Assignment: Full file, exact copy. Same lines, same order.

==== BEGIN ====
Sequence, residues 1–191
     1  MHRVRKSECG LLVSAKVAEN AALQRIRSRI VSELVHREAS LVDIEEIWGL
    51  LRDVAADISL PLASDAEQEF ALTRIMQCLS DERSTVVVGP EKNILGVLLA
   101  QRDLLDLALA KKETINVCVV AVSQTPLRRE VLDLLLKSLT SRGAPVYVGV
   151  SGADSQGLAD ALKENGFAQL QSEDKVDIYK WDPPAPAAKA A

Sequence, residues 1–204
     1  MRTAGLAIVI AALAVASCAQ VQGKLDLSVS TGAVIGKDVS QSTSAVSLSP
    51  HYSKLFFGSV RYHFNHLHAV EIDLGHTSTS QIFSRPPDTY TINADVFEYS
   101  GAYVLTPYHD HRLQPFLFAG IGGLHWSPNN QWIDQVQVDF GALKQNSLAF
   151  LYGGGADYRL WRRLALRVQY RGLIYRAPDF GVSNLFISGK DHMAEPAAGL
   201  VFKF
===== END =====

Sequence, residues 1–191
     1  MHRVRKSECG LLVSAKVAEN AALQRIRSRI VSELVHREAS LVDIEEIWGL
    51  LRDVAADISL PLASDAEQEF ALTRIMQCLS DERSTVVVGP EKNILGVLLA
   101  QRDLLDLALA KKETINVCVV AVSQTPLRRE VLDLLLKSLT SRGAPVYVGV
   151  SGADSQGLAD ALKENGFAQL QSEDKVDIYK WDPPAPAAKA A

Sequence, residues 1–204
     1  MRTAGLAIVI AALAVASCAQ VQGKLDLSVS TGAVIGKDVS QSTSAVSLSP
    51  HYSKLFFGSV RYHFNHLHAV EIDLGHTSTS QIFSRPPDTY TINADVFEYS
   101  GAYVLTPYHD HRLQPFLFAG IGGLHWSPNN QWIDQVQVDF GALKQNSLAF
   151  LYGGGADYRL WRRLALRVQY RGLIYRAPDF GVSNLFISGK DHMAEPAAGL
   201  VFKF